With bells tolling and names never forgotten, America commemorates 20th anniversary of 9/11
9/11 memorial ceremonies being at Ground Zero on cloudless day reminiscent of Sept. 11, 2001.
Americans commemorated the 20th anniversary of the world's deadliest terror attacks, ringing bells, singing hymns and solemnly reading the names of the nearly 3,000 who perished and are never to be forgotten.
With skies blue and sunny just like that fateful day two decades ago, presidents past and present joined the memorials at the World Trade Center, the Pentagon and Shanksville, Pa., as Americans marked their first 9/11 anniversary without U.S. troops engaged in battle in Afghanistan.
President Joe Biden and first lady Jill Biden joined the crowd at the Ground Zero site where the former World Trade Center once stood.
"To the families of the 2977 people, from more than 90 nations killed on September 11, 2001, in New York City, Arlington, Virginia, in Shanksville, Pennsylvania, and the 1,000 more who were injured, America and the world commemorate you and your loved ones, the pieces of your soul. We honor all those who risked their lives in the minutes, hours, months and years afterwards," Biden said in a pre-recording a message to the country before allowing relatives of those lost at the Twin Towers to honor their loved ones with a roll call of names that has become a hallmark of each 9/11 memorial.
"It’s been 20 years since she left. I remember this day as if it were yesterday," said the sister of Cecilia Elizabeth Richard Lawson, who perished in the Pentagon. "You’re gone. I just want to say I love you, and we miss you."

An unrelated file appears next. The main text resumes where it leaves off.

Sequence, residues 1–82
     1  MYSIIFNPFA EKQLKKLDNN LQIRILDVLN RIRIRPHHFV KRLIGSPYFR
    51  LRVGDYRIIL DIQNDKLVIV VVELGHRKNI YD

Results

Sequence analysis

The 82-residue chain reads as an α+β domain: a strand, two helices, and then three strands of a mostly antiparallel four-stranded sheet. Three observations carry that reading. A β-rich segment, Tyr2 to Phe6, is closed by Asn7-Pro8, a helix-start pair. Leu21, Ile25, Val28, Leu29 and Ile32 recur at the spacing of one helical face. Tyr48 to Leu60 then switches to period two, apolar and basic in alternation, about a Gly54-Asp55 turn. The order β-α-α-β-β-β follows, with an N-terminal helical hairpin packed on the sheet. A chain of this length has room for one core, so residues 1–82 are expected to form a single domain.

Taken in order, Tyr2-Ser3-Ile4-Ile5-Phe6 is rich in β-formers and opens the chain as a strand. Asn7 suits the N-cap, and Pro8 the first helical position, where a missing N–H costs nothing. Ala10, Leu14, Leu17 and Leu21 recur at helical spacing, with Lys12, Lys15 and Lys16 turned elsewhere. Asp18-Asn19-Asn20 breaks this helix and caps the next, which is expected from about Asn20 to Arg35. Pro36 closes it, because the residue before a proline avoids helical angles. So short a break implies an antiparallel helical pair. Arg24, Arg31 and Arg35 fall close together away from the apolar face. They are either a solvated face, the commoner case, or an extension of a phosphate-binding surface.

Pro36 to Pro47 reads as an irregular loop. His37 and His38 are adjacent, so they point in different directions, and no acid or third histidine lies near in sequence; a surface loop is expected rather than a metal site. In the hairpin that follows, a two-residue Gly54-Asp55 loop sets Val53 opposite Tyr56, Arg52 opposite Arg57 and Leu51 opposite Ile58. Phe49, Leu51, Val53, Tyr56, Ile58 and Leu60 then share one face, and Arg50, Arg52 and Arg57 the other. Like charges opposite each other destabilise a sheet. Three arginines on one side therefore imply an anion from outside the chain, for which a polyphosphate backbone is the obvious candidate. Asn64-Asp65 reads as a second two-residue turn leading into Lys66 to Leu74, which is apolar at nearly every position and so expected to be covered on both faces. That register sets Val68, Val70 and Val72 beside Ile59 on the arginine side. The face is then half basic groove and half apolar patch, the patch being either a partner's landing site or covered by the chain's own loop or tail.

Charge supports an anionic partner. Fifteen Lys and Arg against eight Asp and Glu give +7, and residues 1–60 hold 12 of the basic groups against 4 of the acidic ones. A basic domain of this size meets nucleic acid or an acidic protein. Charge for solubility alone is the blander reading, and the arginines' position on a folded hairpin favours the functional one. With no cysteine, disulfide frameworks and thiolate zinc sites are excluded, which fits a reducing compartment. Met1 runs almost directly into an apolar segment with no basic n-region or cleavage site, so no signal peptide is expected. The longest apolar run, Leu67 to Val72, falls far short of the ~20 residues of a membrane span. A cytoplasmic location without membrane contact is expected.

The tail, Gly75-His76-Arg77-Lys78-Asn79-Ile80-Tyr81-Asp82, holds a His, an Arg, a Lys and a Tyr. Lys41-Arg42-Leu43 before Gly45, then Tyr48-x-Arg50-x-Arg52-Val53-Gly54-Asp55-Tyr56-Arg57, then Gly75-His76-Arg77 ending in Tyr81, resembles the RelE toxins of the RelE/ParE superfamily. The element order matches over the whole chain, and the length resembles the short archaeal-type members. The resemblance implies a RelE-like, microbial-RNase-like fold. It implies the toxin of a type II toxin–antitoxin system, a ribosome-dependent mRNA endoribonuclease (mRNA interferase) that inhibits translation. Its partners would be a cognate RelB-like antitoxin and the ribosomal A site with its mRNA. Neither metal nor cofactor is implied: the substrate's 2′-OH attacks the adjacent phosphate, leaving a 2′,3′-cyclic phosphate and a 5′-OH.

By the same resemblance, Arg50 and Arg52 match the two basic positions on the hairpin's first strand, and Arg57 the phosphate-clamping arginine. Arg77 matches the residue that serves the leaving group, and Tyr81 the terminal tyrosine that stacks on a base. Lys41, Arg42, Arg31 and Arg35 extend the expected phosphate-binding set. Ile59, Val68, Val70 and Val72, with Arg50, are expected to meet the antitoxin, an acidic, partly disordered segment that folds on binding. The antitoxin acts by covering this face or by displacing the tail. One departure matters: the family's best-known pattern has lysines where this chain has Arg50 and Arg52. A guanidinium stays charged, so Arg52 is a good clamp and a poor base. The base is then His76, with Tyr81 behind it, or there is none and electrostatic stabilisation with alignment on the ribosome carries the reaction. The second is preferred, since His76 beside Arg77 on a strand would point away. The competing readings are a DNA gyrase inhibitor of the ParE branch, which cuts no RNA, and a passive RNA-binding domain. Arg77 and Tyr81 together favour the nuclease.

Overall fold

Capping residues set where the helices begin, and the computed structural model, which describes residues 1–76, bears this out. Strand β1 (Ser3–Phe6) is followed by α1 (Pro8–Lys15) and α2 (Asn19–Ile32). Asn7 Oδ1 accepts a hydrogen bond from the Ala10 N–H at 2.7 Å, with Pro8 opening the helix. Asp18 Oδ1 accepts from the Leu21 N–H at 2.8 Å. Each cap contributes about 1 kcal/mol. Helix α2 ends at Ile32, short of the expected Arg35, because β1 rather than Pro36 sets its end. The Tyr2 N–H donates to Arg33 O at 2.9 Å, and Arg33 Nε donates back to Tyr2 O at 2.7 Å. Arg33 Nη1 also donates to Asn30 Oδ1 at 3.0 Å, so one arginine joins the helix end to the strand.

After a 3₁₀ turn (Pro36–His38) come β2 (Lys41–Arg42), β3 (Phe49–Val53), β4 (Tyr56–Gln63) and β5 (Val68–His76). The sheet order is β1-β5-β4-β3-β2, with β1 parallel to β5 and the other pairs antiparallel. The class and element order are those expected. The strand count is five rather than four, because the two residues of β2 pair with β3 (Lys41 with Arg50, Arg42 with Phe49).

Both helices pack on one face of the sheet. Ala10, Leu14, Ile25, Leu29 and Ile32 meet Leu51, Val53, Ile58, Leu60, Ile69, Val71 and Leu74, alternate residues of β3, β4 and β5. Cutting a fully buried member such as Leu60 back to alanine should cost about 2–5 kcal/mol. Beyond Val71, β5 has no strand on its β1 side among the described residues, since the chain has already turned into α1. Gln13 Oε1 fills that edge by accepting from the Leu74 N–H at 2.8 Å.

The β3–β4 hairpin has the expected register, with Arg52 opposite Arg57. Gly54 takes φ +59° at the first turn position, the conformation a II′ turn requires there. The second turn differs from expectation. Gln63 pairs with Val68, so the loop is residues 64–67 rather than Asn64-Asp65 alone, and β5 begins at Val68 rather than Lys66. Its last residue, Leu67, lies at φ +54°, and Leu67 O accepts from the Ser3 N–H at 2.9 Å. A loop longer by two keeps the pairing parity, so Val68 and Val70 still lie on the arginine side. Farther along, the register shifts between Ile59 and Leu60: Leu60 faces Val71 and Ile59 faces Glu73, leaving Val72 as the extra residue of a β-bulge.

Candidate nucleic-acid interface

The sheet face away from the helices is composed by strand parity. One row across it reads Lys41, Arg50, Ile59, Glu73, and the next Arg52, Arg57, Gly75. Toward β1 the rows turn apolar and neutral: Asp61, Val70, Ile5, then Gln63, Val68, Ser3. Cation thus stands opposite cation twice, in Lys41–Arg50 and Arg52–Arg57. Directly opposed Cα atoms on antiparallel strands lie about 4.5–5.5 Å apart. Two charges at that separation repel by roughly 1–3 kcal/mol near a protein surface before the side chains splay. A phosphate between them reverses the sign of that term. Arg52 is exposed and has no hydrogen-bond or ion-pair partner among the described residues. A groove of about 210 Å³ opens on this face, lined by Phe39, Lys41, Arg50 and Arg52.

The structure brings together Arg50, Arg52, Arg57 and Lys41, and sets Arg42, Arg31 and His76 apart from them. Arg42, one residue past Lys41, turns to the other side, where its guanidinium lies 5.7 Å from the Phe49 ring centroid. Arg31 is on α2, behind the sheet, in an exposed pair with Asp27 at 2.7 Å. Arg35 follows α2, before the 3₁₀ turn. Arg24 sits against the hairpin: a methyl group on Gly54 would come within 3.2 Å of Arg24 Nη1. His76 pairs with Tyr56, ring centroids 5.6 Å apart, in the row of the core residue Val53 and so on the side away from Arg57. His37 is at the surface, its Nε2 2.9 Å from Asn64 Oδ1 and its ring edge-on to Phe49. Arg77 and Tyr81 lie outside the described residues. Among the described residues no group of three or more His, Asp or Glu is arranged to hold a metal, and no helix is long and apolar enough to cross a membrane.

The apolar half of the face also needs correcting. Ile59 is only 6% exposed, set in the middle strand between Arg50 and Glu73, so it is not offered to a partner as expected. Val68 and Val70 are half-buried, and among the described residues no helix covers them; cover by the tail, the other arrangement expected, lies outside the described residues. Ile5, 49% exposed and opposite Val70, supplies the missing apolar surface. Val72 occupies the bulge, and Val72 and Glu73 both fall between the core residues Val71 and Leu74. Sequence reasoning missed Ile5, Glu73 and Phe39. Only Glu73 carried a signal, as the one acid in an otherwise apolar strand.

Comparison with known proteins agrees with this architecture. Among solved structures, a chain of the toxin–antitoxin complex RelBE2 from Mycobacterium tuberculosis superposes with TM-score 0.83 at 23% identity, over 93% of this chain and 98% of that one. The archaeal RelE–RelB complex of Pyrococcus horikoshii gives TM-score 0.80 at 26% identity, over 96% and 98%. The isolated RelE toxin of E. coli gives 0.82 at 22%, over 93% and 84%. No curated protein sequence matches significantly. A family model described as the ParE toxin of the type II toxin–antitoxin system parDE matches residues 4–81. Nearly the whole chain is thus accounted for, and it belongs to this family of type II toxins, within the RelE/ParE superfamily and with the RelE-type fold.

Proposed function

Biden was joined by former Presidents Bill Clinton and Barack Obama in New York and then planned to head to the Pentagon and Shanksville later in the day. Former President George W. Bush was set to meet with families at the Pennsylvania crash site where passengers heroically downed the fourth plane before it could crash into a building in Washington D.C.
Former President Donald Trump released a video message to the nation, also heralding the police officers, firefighters and first responders who rescued thousands and the troops who gave their lives in the war on terror that followed.
"The job they did was truly unbelievable," he said.
In New York, moments of silence were held at each precise moment one of the four hijacked airliners crashed. The crowd occasionally joined in songs of remembrance and celebration, with singer-songwriter Bruce Springsteen giving a live performance of his "I'll See You in My Dreams."
On Sept. 11, 2001, hijackers flew two commercial jetliners into the Twin Towers in New York’s Lower Manhattan, the site now known as Ground Zero.
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